Event: La Boheme
Venue: York Grand Opera House
La Boheme, Puccini’s poignant masterpiece, stands alone as a passionate tale of love and loss in poverty-stricken Paris. It is a challenging opera, demanding powerful voices and intense on-stage emotion, and provides a charming and enchanting spectacle.
In this production, Irina Vinogradova dazzled as the diminutive Mimi with a soaring voice that won the hearts of the almost-full theatre, while Ruslan Zinevych provided the perfect Rodolfo – entertaining and charismatic, yet tender and warm. Both were ably supported, at least musically, by a gaudy Muzetta and a rather frustrating Marcello, who fluctuated between a slapstick cross-dresser and a caring, emotional comforter. His voice, however, was certainly up to the challenge.
Nicholae Dohotaru’s orchestra began tentatively and only confidently complimented the opera when the tempo and volume rose, although were careful not to dominate York’s small opera house with their melody, at times the intensity of the orchestra needed to increase to reach the emotion on stage. However, when Rodolfo, Mimi and Marcello performed their soothing arias, the accompaniment was delicate and supportive.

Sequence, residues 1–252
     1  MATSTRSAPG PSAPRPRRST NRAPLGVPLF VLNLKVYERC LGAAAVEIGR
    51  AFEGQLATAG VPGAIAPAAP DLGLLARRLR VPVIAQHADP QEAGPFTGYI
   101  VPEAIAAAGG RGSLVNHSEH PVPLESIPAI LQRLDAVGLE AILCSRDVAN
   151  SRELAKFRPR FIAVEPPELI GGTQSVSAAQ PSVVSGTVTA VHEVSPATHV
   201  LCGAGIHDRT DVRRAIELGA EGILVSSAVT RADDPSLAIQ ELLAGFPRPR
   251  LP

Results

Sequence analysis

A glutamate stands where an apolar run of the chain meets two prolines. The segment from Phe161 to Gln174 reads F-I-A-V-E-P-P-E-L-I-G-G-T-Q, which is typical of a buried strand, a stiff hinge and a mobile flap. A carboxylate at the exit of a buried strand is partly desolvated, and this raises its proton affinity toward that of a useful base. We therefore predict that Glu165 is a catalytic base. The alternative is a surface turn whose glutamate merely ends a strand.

Puccini’s romantic and moving score needs no help from light comedy moments or director-driven ad libs to entertain a discerning audience. The plot is intentionally simple. This production suffered from awkward over-characterisation throughout. Audiences should come to be entertained, not to laugh: one felt a little squeamish as Marcello pranced around Cafe Momus with Mimi’s newly-purchased bonnet on his head.
Much was made in the programme of Director Ellen Kent’s amphitheatre staging. It was impressive – notwithstanding that it was constructed for only one performance – though looked odd and out-of-place on the undersized York stage. The acting space was restricted, and the addition of far too many props cramped the action further. Though this is not her fault, Kent will bring Carmen and Aida to York during this tour – Bizet’s larger than life gala risks appearing even more confined.
For all the action and excitement of the overcrowded group scenes, this production was at its most powerful when Rodolfo and Mimi were left to themselves. After the unnecessarily busy opening exchanges, Zinevych and Vinogradova’s O soave fanciulla at the conclusion of Act 1 demonstrated the beauty of Puccini’s score. Moments took your breath away, none more so than Mimi’s last.
Carmen will appear at the York Grand Opera House on 3 April. Aida will appear on 17 May.